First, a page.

While much of this success needs to be accredited to Drew Brees and other great players that the Saints have had over this period, their scheme has done a good job of maximizing the talent they have had over the years. A staple of Saints passing game over the years has been the Stick-Option concept. Below shows the combined statistics for their variations of this concept over the last 3 seasons (all of the stats from this article are based on the 2016-2018 seasons):

Stick-Option Stats.png

Stick-Option Passing Stats.png

This article will go over the different variations of this concept that the Saints have used over the past 3 seasons. Below shows the basic structure of these concepts:

Stick-Option.png

Continue reading The New Orleans Saints’ Stick-Option Concept

BOOK PREVIEW: Breaking Down the 2018 L.A. Rams Offense

By Taylor Kolste

Book Cover.png

Shortly after the Super Bowl, I will be releasing my first book, Breaking Down the 2018 L.A. Rams Offense. It should be released the weekend following the Super Bowl.

UPDATE: The book is now available: https://www.amazon.com/dp/1794188207.

This preview will contain a few excerpts from the book to hopefully give the reader a good idea of what the book will be like. Hopefully, these excerpts can also give you some context on the Rams offense leading into the Super Bowl. There will be updates made to the book based on the Super Bowl, so the sections shown here will likely be slightly different when the book is released, but this is very close to what the final product will look like. There are 26 of the 359 pages shown below. The rest of the book follows the same structure to what is shown in the preview.

PREVIEW:

TABLE OF CONTENTS

INTRODUCTION  – 1

CHAPTER 1: PERSONAL CHARACTER, LEADERSHIP, & TEAM CULTURE – 3

  • Personal Character – 5
  • Leadership – 11
  • Team Culture – 18

CHAPTER 2: INTRO TO RAMS OFFENSE – 22

  • Offensive Philosophy – 22
  • Identity – 23
  • Tempo-Use – 27

CHAPTER 3: RUN GAME – 32

  • Fly Sweep – 33
  • Mid Zone – 45
  • Outside Zone – 61
  • Inside Zone – 63
  • Duo – 70
  • Toss Sweep – 76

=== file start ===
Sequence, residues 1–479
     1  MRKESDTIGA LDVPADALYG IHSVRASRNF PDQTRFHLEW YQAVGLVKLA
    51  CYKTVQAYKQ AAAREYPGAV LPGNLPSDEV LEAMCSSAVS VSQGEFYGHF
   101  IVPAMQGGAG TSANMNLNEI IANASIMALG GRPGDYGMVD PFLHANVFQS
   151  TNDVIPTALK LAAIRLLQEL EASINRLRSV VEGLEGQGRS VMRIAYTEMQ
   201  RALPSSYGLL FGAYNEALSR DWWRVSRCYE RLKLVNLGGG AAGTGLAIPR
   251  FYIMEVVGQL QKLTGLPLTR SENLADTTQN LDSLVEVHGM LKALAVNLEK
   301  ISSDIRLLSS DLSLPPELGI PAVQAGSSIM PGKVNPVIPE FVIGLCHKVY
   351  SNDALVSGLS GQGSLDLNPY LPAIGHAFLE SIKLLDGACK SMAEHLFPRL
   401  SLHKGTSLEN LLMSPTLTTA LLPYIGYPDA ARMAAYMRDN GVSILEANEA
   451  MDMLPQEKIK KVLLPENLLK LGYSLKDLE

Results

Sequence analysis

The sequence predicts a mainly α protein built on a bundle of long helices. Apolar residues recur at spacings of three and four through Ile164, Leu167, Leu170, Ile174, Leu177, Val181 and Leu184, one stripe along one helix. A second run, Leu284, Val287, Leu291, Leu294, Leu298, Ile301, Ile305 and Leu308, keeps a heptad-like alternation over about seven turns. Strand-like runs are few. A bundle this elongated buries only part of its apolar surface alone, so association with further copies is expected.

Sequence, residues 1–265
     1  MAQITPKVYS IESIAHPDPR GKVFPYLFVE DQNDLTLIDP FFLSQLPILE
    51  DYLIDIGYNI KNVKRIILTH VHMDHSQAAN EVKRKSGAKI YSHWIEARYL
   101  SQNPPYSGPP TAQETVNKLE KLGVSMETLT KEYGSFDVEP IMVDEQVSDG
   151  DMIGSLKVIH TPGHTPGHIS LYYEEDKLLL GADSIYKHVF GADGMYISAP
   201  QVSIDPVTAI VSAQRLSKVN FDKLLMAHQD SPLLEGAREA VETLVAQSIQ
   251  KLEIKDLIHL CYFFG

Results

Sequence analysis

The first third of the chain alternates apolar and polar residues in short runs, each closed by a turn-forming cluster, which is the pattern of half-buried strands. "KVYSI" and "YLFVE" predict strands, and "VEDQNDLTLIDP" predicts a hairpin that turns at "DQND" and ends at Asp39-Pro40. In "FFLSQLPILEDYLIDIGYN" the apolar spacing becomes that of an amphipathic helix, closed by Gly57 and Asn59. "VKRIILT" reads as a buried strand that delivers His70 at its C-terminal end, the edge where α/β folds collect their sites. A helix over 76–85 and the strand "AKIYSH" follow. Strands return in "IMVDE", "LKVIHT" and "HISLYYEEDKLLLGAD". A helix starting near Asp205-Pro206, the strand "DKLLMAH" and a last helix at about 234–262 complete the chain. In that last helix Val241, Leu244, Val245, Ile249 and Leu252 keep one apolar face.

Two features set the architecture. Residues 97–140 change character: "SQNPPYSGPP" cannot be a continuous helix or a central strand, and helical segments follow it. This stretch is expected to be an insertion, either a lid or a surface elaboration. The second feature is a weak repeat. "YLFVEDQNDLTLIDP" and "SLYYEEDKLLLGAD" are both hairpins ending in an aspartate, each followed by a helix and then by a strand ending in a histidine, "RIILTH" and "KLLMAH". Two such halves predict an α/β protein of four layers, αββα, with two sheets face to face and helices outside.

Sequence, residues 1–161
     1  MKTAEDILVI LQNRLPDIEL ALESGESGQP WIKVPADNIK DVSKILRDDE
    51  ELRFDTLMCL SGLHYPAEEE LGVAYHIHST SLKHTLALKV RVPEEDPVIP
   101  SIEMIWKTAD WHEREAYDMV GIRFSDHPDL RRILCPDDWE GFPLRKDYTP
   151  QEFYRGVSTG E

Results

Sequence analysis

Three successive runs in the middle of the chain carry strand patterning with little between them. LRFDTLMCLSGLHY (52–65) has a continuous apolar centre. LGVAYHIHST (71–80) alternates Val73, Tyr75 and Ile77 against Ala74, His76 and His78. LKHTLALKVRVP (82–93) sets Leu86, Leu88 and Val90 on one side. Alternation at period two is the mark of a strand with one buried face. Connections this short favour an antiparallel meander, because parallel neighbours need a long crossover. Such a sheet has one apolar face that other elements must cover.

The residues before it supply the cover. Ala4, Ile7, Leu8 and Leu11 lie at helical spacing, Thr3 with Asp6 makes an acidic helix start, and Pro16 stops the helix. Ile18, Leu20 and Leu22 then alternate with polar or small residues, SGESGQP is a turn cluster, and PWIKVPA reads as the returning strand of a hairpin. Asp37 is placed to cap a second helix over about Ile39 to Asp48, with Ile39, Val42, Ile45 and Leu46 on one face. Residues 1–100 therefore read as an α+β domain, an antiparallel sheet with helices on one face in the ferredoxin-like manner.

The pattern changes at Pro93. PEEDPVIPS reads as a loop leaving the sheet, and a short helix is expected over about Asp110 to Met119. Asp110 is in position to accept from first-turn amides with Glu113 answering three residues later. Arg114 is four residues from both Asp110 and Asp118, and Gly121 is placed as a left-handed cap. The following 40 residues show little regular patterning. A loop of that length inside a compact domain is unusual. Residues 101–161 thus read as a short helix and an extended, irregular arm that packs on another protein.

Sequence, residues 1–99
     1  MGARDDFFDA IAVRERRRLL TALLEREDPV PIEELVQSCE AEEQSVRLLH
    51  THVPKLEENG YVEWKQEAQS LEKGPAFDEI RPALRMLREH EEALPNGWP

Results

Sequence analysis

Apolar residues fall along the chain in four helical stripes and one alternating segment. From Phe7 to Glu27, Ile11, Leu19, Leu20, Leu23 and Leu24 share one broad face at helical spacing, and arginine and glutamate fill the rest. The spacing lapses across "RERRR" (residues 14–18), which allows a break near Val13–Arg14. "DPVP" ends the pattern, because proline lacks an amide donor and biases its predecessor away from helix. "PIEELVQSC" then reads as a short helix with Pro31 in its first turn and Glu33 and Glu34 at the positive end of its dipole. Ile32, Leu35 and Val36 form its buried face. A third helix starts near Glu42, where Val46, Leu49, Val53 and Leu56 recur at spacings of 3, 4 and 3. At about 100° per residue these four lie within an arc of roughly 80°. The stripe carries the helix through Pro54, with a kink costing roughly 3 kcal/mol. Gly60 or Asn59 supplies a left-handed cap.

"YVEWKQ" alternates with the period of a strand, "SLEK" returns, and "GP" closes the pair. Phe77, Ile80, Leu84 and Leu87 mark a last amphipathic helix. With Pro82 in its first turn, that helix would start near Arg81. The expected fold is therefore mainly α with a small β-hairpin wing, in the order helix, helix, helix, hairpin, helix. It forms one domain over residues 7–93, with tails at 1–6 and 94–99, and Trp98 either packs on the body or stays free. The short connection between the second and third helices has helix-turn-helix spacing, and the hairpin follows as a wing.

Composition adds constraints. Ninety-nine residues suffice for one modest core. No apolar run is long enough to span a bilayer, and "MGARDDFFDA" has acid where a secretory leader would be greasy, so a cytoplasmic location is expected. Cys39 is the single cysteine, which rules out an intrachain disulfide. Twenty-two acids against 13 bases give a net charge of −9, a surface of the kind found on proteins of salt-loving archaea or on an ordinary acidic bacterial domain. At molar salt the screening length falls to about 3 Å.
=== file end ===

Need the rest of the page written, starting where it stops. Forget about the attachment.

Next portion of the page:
• Short Trap – 81
  • Long Trap – 84
  • Wham – 86
  • Quasi-RPOs – 88
  • Other Runs – 91

CHAPTER 4: PLAY-ACTION PASS GAME – 99

  • Play-Action – 99
  • Naked Boots – 164
  • Half-Boots – 179

CHAPTER 5: DROPBACK PASS GAME – 208

  • Quick Game – 208
  • 5-Step Passing Game – 222
  • 7-Step Passing Game – 315
  • Vertical Passing Game – 339

CHAPTER 6: SCREEN GAME – 351

Continue reading BOOK PREVIEW: Breaking Down the 2018 L.A. Rams Offense

A Worthy Rival: The Kirby Smart Defense

By Cameron Soran

Plato and Aristotle. Pompey and Caesar. Obi-Wan and Anakin. Hayes and Schembechler. The motif of the student-turned-rival is as old and recurring as any in human history. It is one of those rare tropes of fiction and themes of history that never quite seems to lose its luster no matter how many times we see it played out. And for the foreseeable future, the rivalry between Nick Saban and Kirby Smart promises to be another great chapter of this millennia-long refrain.

My primary reason for studying Kirby Smart’s defense was in finding out how much he would keep from his near decade-long boss, and how much he would truly carve out on his own. Would he be simply Saban 2.0 – now with improved media relations? Or would he deliver a distinct defensive philosophy that was entirely his own? The answer, of course, is somewhat in between.

In many ways, defensive coaches are molded by the offenses they face. Saban, for example, spent a lifetime facing a litany of offensive schemes at both the collegiate and NFL levels, which in turn has led him to his near omnivorous approach to defense. There is almost no front, coverage, or blitz missing in Saban’s mental library, and he is thoroughly prepared to use them all if the situation demands it.

Smart’s defense, by contrast, appears more molded by the proliferation of the spread offense that coincides with his coaching career. His defense is more condensed, more streamlined, more focused. In short, Smart’s defense appears to have fewer individual play calls, but with more checks and adjustments built-in. When Smart calls a double outside blitz, for example, he isn’t particularly tied to which two guys are coming – he lets the offensive formation dictate that. So when Smart sends in a one-word play call (it doesn’t take long watching the TV broadcast to figure out that Georgia uses one-word calls versus tempo, but that’s hardly a surprise given that Smart told a room full of Texas high school coaches this offseason that he’d be doing that: https://matchquarters.com/2018/07/27/thsca-football-lecture-kirby-smart-2018/), he really isn’t sending in one play: he’s sending in four to five plays depending on how the offense lines up. So no, it is not any less complicated than Saban’s defense. But it is structured quite differently.

Continue reading A Worthy Rival: The Kirby Smart Defense